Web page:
A prescription for Philly voters hospitalized on Election Day

Volunteers help Philadelphia patients confined to their hospital rooms cast their votes.

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The Penn Votes Project is a volunteer-run initiative out of Penn Medicine that secures absentee ballots for hospitalized patients (Penn Votes Project)

The Penn Votes Project is a volunteer-run initiative out of Penn Medicine that secures absentee ballots for hospitalized patients (Penn Votes Project)

What if a medical emergency landed you in the hospital on Election Day, and you couldn’t get to your polling place?

That’s exactly what happened to Neil Deininger’s mother 26 years ago.

It was 1992 — Bill Clinton vs. George H.W. Bush. Deininger’s mother planned to vote, as she had in every other election since she’d turned 18, but this time she couldn’t. She had just given birth to Deininger and was confined to the hospital.

That story stuck with Deininger — and he was reminded of it every year that his birthday and Election Day coincided.

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“I think I’ve always been interested in elections and the democratic process because of that,” he said.

So last year, when as a first year law student he heard about the Penn Votes Project — a volunteer-run initiative out of Penn Medicine that secures absentee ballots for hospitalized patients — his ears pricked up.

He realized the problem affected a lot of people besides his mother.

“Even if you’re a committed voter, and you have a voting plan, and you’re prepared to cast a ballot,” he said, “if you’re in the hospital on Election Day, you probably have bigger concerns in mind, and same for your family and friends who might be able to help you.”

Deininger joined the project as a law student volunteer. There are approximately 15 law students involved. About 60 medical and nursing student volunteers also participate.

Voting from the hospital requires jumping through a lot of hoops. Any ballot cast after a week before the election is considered an emergency absentee ballot, which needs to be signed by a doctor and a notary. And if it’s filed after the Friday before an election, it’s considered a “last-minute” emergency ballot and needs a judge’s approval.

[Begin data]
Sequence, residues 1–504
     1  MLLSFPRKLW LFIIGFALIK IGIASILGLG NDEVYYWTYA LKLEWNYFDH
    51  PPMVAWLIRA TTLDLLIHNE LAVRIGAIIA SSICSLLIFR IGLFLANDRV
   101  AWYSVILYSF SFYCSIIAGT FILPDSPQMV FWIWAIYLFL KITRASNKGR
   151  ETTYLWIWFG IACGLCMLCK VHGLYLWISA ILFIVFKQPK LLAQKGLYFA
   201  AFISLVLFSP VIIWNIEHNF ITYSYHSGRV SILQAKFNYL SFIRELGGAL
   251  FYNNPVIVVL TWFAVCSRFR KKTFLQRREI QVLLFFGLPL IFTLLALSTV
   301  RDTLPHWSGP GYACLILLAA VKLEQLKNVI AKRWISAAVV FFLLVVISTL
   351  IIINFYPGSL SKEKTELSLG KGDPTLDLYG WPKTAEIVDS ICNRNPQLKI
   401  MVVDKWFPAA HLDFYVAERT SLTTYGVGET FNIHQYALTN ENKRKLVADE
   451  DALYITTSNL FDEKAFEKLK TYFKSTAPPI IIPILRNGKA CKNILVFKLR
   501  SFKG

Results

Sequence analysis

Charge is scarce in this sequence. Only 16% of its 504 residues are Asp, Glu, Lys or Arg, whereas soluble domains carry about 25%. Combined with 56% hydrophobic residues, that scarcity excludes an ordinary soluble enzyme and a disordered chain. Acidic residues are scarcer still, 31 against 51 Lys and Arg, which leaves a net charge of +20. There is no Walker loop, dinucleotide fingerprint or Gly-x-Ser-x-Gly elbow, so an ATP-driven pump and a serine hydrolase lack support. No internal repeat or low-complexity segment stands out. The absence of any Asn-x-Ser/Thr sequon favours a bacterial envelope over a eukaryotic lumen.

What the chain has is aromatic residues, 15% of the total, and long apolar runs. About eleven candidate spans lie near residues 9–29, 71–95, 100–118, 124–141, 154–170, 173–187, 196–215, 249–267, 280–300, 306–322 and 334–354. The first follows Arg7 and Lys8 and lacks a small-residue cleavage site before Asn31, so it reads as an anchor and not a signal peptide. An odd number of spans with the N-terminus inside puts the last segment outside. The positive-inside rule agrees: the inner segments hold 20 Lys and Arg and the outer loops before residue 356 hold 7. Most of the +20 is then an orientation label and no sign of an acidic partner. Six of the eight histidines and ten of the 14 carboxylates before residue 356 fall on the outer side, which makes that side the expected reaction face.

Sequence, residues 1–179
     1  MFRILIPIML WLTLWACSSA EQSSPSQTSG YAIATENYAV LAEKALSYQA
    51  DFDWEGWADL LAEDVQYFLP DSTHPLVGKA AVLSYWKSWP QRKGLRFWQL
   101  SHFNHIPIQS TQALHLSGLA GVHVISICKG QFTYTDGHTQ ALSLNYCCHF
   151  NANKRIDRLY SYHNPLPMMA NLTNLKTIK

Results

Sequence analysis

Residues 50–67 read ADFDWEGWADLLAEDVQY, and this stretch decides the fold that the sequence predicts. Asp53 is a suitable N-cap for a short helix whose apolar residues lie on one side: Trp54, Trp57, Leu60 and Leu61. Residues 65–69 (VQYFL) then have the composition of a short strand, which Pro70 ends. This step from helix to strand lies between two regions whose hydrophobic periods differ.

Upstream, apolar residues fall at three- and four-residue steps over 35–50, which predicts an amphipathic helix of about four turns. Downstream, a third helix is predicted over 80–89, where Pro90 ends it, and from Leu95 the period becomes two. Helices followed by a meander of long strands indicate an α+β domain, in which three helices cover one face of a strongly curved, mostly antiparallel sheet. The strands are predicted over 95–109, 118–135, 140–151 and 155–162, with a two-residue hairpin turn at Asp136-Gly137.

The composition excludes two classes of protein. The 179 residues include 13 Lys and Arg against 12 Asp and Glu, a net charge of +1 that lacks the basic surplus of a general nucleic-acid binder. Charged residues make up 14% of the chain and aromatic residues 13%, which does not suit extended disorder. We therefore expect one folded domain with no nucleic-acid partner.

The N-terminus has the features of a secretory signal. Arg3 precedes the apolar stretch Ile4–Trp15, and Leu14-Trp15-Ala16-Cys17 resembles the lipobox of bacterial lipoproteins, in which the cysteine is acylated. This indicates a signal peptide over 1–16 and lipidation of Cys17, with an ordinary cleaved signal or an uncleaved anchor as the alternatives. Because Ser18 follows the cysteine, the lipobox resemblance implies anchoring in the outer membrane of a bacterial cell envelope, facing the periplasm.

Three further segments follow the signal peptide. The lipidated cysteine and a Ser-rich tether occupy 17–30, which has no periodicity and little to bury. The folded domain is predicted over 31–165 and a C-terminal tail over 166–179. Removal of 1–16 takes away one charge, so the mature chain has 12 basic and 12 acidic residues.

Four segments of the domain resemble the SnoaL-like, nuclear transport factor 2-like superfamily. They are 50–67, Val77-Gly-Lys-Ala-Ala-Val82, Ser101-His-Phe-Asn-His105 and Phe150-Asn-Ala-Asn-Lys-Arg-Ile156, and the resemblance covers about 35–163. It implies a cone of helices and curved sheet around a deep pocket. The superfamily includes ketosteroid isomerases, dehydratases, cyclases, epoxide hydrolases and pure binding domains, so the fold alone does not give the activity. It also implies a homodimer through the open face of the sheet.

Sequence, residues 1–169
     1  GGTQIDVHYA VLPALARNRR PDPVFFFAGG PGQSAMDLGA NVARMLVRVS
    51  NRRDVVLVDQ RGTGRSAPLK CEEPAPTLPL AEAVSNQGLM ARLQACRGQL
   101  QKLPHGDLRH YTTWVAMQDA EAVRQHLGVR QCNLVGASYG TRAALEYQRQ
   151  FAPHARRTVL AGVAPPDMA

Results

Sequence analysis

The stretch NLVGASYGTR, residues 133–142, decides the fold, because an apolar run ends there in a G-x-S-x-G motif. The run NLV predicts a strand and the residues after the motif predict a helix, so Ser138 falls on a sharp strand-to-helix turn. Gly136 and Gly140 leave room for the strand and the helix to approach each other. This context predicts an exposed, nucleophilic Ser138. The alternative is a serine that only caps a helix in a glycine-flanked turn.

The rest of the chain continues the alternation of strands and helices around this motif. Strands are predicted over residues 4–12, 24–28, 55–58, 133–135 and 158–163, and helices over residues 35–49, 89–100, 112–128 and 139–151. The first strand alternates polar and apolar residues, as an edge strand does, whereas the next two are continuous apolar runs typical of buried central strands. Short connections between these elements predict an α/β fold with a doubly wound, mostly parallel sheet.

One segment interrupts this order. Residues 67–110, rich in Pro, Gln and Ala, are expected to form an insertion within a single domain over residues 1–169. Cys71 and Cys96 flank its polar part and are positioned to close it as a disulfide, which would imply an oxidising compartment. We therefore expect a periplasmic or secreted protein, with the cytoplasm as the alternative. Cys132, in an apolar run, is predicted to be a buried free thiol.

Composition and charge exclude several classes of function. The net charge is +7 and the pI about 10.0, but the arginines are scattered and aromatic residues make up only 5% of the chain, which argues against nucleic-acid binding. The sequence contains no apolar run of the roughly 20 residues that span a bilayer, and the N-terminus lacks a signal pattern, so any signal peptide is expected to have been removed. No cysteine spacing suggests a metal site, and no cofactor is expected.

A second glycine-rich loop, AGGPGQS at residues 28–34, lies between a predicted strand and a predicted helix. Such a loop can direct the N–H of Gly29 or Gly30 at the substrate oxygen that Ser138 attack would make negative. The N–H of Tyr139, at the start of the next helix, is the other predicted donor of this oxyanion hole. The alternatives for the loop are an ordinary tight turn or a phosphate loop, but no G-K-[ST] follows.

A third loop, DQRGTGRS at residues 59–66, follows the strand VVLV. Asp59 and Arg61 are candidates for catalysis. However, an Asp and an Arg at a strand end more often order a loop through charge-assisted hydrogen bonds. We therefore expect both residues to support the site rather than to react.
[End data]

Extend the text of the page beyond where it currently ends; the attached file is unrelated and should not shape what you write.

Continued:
That’s where the student volunteers come in. Medical and nursing students talk to hospitalized patients about the program, help them fill out the necessary forms, take those forms to the appropriate doctors and notaries for signature, and then hand over the documents to Deininger and other law students.

The law students then take the forms to the Board of Elections — to make sure a patient is registered and qualified to vote — and bring the forms to the judge for a signature. Once they procure an absentee ballot for the patient, they bring it back to the hospital, where the patient votes and returns the ballot to the law students, who deliver the completed ballot to City Hall. The law students also work with attorneys who can advocate for patients as needed.

It’s a lot of steps. And it’s something most people in the hospital can’t do themselves because they either aren’t allowed to leave or physically cannot.

“It’s a problem that you’re not going to think about unless you’re in that situation,” Deininger said.

That’s why the project hopes to create an infrastructure that will outlast any particular election cycle.

“We don’t just want to do this for the midterm elections, as important as they are,” said second-year medical student Erin Hollander, who organizes the training and coordination of the medical students. “We want to keep this running for all of the elections.”

The initiative began in 2016 at Penn Presbyterian Medical Center, when doctors realized they needed a more efficient way of helping hospitalized patients vote in the 2016 presidential election. The program has since helped with two other elections, including the primaries in May, and has expanded to the Hospital of the University of Pennsylvania for the upcoming midterm election.

In past elections, the program has helped cast about 20 ballots, and with the expansion this year, they hope to cast more.

For her part, Hollander said assisting patients in their efforts to vote is a way she can reach out, even if she doesn’t yet have the bona fides to treat them.

“I have a lot to learn before I am in any way useful to patients,” she said. “So this is still a way that I can help.”

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